Wanted: Basic hosting with several email criteria!
I'm looking for a new host, but the main criteria are for email service, as the webhosting load will not be that complex (blog, photo hosting, etc.). My current host's email handling is getting me down. Here are my criteria:
1) at least 10 mailboxes (with at least a gig of space, even if it's shared with the rest of the hosting plan--none of these 25mb mailboxes) and lots of aliases
2) IMAP (and webmail and SMTP, of course)
3) spam filtering, BUT more specifically...
4) if it does SPF filtering, it doesn't reject outright but adds that info for analysis in computing spam number. I'm having problems with forwarding accounts getting blocked by an agressive SPF filter on my host's servers. In my ideal world, it would be great where the whitelists could be set up to accept mail addressed TO a particular address, not just to accept mail addressed FROM a particular address or domain.
5) host's SMTP servers don't show up regularly at all on RBLs (I've read of this problem with DreamHost, e.g.). I'd like mail to get through to people, even if they're at AOL.
6) spam filter does check RBLs, but doesn't reject mail outright based on them, or at least gives me the option not to reject outright. Right now my host is set up reject all mail from RBL-blacklisted IPs, unless the originator's in my whitelist. This is not ideal. Ideal would be take RBL info into consideration when assigning a spam score, but not rejecting outright.
7) ideally, I'd like mail marked as spam by SpamAssassin or what-not to be delivered to SPAM folder on the IMAP account instead of the INBOX (where my mail program would have to filter it based on the **SPAM** subject or because of the headers). This way Thunderbird, e.g., doesn't notify me of new mail when spam shows up because the notifier only works for the inbox. Some hosts put the spam folder on webmail only (e.g. DreamHost), but my old employer (a university) did the SPAM folder in imap trick, and that was the way to go.
8) forward carbon copying--gotta forward everything to my gmail catch-all and be able to read it from the server too. I shouldn't be amazed, but I am that 1and1, e.g., allows you to either forward an address or receive mail there, but not both.
9) virus scanning would be nice.
The biggest concerns are those concerning spam filtering. I have a thread on this problem with my current host (hostrocket) that got fairly technical:
I haven't found the perfect host for my needs yet, and it's hard to find out all the info I need about the spam filtering in particular.
Please, if you have any suggestions, let me have 'em!
I would agree, only the host that you have in mind will actually be able to answer these questions. For the basic requests, I would look in the offers section to get a better idea of which host you may want to go with. Then contact the support or sales of that company and ask them first hand! Good luck.
I know with Hsphere Control panel these are all inculuded. Not sure about Cpanel as I have not used Cpanel in a while.
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You can look around and make a list with some hosts that appear to be popular and have satisfied customers and then get in touch with them. That way not only you find out if they can offer everything that is important to you, but you also test their response time and the way they answer your questions. It might prove to be useful in the future.
I believe all of these are possible with cPanel, but it really depends how much the host has set up already and how much they will allow you to change -- so it's probably best to contact the host's tech department and see what they can work out ahead of time.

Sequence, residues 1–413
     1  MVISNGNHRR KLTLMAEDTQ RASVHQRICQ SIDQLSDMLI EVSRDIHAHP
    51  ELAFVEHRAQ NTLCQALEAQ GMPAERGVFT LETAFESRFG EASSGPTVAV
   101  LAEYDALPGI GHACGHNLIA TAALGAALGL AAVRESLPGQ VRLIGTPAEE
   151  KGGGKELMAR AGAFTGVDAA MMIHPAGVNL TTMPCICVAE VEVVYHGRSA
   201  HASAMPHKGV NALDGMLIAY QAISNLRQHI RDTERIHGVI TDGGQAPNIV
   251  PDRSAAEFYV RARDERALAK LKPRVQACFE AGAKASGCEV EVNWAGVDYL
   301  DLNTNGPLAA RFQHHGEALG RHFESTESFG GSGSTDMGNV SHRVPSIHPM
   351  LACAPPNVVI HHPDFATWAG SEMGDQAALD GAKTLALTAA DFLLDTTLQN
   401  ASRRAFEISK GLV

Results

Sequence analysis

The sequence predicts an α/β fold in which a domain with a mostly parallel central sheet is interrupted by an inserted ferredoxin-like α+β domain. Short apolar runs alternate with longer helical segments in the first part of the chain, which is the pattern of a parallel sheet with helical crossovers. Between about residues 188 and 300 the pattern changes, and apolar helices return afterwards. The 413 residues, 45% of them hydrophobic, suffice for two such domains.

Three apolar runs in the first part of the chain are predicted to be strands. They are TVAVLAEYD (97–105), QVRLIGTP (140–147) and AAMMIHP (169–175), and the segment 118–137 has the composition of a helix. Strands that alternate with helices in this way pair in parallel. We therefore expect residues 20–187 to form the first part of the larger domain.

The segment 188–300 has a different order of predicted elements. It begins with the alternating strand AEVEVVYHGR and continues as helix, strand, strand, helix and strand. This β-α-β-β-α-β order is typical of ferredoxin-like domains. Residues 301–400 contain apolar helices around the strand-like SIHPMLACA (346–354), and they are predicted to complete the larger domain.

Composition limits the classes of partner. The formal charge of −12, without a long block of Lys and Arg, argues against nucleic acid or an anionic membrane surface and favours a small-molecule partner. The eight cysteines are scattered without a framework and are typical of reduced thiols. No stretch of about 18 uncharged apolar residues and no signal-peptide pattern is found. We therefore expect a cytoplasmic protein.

cPanel has those things as well, and has been around almost 3 times longer....
Nothing beats expereince.
Now do you care to tell me who has been around longer?
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Now do you care to tell me who has been around longer?
No offense, but that was not very bright; all that shows is when the domain was last renewed. Also, if you noticed, the registrar listed for cPanel.net is TUCOWS - they wern't registering domains in 1997.
"Formed in 1997, cPanel has been setting the standard for web hosting automation ever since."
Somebody being longer in the market does not make that product better. For instance: Cpanel is buggy, upgrades as of late have crashed and they just have some open bugs that they have yet to fix. Now a newer panel system such as DirectAdmin rarely has issues and is much more stable. It has everything CPanel has (including fantastico). So how can you say that CPanel is better just because it has "been in the market longer"? Seems illogical.
Another example...microsoft and Mac OSX....OSX is a lot more stable and the code was redesigned a few years back (although it does use BSD variant yeah yeah yeah...I know...)
MS DOS has been in the market longer. I won't use it for my main PC OS though.
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I want to think everybody who responded to this thread and those who contacted me privately. I thought I would share with you what I found out and what I ended up doing about my problem.
First, full control of your email handling is not an easy thing to come by. A lot of hosting services do not do any RBL blacklist rejections on the server end, which is good because it means you decide what gets rejected. Some do though, and will not turn it off (HostRocket, my original host, and A Small Orange, to name two). A lot don't do virus checking at all (HostGator, LunarPages, e.g.). Almost all let you use SpamAssassin, although some use older versions of the software (HostGator and DreamHost, e.g.), although to be fair, some of these give you the option to install the newer version on your server (I believe, even in shared configurations at some places, although I may be confused about that). Actually configuring the way SpamAssassin scores things, though, is not something that is easy to find in a host (usually they have rough settings in their control panel, with not very much clarification of what 'Aggressive' or 'Conservative' actually mean or do). SPF checking is another issue, although I did not find a single place besides HostRocket that rejects incoming mail based on SPF without you being able to configure it (e.g. turn it off, or to allow fail or softfails through but to adjust the spam score).